Assistant Professor Nikolaus Correll likes to think in multiples. If one robot can accomplish a singular task, think how much more could be accomplished if you had hundreds of them.
He and his computer science research team, which includes research associate Dustin Reishus and professional research assistant Nick Farrow, have developed a basic robotic building block, which they hope to reproduce in large quantities to develop increasingly complex systems.
Recently the team created a swarm of 20 robots, each the size of a ping-pong ball, which they call “droplets.” When the droplets swarm together, they form a “liquid that thinks.”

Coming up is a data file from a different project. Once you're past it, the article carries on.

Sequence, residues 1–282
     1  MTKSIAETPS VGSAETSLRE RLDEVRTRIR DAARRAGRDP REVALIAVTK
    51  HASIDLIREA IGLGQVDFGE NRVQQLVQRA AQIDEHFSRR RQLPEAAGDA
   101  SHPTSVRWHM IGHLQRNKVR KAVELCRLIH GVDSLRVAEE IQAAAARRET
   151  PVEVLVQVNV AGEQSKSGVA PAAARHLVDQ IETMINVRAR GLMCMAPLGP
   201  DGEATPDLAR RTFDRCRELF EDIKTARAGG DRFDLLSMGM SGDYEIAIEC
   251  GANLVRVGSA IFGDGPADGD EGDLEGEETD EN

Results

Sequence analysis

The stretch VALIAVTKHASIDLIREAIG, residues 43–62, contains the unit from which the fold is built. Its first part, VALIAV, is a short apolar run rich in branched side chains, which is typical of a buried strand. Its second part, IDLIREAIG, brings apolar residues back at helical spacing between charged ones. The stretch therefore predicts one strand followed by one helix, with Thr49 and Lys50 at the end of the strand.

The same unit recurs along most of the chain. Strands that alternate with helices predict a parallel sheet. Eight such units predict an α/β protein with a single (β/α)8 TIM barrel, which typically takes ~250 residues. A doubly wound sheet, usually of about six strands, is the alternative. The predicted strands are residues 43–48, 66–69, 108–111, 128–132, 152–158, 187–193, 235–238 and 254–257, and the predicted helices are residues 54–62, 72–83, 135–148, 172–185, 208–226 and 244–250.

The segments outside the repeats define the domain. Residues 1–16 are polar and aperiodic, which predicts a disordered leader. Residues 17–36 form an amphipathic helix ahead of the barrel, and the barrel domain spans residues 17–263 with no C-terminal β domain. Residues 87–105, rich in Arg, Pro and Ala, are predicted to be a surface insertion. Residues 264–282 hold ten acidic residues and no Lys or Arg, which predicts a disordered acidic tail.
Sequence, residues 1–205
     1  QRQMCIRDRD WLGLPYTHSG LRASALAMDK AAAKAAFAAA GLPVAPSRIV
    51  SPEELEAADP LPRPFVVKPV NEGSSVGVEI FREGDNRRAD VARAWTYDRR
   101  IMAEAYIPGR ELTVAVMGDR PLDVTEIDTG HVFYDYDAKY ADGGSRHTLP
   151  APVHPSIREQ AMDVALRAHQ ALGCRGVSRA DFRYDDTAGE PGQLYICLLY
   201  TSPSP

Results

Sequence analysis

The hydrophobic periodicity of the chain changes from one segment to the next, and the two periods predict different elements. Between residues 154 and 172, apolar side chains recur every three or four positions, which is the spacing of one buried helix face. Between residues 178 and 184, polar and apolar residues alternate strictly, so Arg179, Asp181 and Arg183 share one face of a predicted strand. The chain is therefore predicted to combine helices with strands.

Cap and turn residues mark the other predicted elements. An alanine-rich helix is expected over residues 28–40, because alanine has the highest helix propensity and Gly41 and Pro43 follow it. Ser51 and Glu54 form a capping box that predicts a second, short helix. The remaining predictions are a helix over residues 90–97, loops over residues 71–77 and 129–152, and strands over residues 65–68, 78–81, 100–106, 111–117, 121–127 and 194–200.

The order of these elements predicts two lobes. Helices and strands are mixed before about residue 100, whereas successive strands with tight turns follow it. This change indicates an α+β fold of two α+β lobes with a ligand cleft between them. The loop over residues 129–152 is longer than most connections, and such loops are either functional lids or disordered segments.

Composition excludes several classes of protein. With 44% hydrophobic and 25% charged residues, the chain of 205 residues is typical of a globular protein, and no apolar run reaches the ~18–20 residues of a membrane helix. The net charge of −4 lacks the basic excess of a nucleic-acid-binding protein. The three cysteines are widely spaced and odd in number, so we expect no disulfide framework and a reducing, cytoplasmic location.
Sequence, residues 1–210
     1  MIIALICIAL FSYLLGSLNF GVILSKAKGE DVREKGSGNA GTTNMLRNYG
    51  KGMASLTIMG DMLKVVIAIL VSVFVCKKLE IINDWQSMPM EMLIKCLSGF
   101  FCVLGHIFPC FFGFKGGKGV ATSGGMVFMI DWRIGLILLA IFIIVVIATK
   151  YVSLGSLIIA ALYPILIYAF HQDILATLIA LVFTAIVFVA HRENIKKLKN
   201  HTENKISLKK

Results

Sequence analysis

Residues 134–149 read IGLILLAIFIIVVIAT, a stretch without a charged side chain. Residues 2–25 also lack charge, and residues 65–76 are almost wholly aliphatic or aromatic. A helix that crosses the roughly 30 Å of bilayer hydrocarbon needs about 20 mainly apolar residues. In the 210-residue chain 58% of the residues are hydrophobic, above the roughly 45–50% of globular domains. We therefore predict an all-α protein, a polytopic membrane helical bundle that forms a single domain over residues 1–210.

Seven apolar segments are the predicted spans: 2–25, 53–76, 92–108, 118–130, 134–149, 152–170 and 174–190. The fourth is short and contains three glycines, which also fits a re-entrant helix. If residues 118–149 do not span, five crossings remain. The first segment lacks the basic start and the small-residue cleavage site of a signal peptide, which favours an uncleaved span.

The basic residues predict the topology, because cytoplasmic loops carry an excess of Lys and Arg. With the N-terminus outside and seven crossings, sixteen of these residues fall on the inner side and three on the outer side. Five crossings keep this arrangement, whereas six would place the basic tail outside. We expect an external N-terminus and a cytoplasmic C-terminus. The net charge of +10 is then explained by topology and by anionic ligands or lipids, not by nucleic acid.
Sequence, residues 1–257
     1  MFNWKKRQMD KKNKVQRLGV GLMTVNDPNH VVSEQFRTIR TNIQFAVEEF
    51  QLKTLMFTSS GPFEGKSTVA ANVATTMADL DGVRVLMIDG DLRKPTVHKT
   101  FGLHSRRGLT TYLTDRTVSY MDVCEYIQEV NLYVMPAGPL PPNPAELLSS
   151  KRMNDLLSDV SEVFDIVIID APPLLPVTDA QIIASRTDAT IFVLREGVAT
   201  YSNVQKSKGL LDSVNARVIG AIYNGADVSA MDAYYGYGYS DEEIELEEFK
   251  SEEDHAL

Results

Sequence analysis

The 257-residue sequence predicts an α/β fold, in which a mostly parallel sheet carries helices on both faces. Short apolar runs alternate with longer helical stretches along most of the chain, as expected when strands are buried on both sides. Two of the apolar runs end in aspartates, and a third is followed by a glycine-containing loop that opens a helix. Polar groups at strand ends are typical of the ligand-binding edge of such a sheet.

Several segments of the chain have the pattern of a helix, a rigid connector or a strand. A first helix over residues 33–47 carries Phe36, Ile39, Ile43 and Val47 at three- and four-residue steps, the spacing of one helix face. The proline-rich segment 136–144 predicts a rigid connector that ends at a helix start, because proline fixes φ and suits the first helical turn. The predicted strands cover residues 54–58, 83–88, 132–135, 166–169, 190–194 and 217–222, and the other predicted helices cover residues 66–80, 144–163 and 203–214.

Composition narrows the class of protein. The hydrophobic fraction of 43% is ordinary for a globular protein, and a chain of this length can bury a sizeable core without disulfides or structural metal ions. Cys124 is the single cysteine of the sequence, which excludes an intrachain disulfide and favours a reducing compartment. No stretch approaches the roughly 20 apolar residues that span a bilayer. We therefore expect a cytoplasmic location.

Correll says there is virtually no limit to what might be created through distributed intelligence systems.
Similar to the fictional “nanomorphs” depicted in the Terminator films, large swarms of intelligent robotic devices could be used for a range of tasks. They could be unleashed to contain an oil spill or to self-assemble into a piece of hardware after being launched separately into space.